Discovering the Final Frontier: The Seventeenth-Century Encounter with the Lunar Environment

Sunday, January 4, 2015: 9:00 AM
Gibson Suite (New York Hilton)
Michael J. Rawson, Brooklyn College and Graduate Center, City University of New York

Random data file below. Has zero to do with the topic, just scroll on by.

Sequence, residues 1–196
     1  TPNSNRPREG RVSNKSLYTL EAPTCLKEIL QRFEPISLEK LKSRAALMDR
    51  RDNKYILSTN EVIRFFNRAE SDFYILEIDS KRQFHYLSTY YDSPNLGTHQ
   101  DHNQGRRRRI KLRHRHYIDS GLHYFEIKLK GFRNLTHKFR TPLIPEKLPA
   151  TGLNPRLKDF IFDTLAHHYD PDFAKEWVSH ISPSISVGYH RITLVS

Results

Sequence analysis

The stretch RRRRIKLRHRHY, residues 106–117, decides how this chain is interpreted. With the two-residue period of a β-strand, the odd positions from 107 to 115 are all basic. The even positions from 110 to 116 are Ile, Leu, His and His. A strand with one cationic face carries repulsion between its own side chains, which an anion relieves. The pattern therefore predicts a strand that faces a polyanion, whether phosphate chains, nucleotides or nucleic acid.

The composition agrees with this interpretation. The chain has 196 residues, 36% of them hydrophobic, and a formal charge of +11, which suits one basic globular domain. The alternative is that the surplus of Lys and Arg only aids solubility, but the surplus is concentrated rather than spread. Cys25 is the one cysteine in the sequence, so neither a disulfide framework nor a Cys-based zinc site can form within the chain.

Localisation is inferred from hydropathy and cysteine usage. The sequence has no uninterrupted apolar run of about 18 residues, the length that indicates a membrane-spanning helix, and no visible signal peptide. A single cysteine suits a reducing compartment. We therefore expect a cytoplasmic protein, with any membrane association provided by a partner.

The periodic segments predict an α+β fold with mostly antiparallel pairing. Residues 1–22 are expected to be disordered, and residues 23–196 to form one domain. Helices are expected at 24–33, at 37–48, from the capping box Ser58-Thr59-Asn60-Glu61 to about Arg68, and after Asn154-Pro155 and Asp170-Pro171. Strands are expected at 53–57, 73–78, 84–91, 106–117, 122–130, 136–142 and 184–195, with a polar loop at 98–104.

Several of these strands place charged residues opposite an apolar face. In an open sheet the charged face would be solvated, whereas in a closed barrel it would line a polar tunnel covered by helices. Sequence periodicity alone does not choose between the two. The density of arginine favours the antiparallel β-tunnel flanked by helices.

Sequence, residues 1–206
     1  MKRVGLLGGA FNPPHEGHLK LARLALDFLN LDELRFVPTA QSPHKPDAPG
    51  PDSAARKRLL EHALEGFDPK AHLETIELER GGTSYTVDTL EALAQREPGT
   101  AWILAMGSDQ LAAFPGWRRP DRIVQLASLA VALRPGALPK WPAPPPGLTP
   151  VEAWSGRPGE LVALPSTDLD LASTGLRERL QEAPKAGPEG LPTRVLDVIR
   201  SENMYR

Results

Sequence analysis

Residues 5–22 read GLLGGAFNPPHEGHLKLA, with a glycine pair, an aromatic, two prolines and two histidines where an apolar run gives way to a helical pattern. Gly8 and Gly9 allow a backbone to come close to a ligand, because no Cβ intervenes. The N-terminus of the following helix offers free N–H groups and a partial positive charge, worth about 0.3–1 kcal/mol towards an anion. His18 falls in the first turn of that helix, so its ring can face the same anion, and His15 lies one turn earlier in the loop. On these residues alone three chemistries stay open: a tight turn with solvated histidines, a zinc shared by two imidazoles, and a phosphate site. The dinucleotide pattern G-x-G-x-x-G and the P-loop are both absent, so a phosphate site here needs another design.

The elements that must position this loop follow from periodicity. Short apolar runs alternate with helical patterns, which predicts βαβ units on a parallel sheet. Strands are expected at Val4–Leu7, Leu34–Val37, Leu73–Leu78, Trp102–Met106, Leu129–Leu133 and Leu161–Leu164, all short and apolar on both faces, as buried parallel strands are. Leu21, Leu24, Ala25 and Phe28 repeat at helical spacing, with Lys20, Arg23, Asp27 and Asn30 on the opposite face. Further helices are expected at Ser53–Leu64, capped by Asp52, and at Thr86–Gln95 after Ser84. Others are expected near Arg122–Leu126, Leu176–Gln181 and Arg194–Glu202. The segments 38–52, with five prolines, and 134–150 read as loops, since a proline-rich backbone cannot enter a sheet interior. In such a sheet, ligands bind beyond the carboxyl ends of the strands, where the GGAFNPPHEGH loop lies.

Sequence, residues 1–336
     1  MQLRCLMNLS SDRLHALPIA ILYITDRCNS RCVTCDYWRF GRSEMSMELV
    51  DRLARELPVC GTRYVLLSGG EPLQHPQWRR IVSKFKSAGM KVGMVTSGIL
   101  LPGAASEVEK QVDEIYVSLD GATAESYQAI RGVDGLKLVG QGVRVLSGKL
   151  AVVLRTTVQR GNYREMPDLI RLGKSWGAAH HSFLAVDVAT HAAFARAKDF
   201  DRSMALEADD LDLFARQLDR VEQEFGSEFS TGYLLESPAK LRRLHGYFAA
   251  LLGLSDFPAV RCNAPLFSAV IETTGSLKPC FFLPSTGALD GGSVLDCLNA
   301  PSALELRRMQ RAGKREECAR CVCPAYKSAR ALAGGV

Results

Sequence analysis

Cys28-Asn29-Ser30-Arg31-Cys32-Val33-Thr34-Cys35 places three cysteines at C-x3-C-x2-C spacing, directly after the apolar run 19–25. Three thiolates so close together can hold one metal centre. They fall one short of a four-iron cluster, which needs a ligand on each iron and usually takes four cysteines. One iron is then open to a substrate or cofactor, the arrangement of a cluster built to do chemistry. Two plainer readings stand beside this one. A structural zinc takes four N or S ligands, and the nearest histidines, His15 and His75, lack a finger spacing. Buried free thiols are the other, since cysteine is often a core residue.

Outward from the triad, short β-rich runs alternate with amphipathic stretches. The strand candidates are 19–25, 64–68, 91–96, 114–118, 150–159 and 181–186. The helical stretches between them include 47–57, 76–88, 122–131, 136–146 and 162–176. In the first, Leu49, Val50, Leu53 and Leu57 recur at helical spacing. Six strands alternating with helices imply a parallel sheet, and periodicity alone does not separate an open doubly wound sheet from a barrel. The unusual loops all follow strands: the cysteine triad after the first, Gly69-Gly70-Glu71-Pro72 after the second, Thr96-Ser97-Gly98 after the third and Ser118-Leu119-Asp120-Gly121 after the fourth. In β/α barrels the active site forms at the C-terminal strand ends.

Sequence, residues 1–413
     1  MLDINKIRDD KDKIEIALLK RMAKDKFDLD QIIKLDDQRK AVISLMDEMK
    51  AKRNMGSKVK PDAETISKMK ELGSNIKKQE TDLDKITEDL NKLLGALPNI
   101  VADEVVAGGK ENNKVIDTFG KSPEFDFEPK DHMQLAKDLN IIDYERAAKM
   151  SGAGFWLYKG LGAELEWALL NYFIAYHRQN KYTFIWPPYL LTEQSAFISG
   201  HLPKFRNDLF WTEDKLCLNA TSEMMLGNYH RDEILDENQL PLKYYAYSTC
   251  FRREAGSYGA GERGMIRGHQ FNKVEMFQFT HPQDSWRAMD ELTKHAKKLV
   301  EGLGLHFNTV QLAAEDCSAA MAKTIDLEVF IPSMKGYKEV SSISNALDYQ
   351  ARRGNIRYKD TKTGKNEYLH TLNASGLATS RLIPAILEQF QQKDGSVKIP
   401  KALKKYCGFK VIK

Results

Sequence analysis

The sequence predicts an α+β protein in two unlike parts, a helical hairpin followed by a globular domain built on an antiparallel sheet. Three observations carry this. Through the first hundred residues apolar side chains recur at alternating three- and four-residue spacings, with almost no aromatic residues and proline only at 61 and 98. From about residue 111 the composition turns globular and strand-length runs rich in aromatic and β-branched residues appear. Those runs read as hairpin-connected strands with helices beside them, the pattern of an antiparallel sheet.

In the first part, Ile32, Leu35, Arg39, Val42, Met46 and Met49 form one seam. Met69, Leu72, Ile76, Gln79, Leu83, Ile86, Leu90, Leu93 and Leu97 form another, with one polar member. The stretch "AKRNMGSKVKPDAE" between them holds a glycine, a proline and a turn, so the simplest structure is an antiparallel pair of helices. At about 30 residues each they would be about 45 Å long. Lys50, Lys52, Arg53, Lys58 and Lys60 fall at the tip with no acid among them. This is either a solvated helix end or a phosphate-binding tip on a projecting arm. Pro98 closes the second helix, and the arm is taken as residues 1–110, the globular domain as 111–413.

Environmental historians rarely consider extraterrestrial environments in their meditations on the natural world. But paying more attention to places beyond the earth would expand the environmental contexts in which we write our histories and illuminate past events that still await an environmental lens, such as seventeenth-century Europe’s imaginative encounter with the moon. Galileo’s discovery in 1609 that the moon has earth-like features sparked an overlooked revolution in environmental thought that saw humanity’s environmental imagination expand outward from the confines of earth into outer space. Some of Europe’s greatest thinkers began puzzling out the kind of natural environment that the moon might have and, in the process, constructed a new environmental imaginary containing many of the working assumptions about extraterrestrial nature that still guide space exploration today. The environmental significance of historical moments like this one can only come to light if environmental historians turn their attention to the stars.
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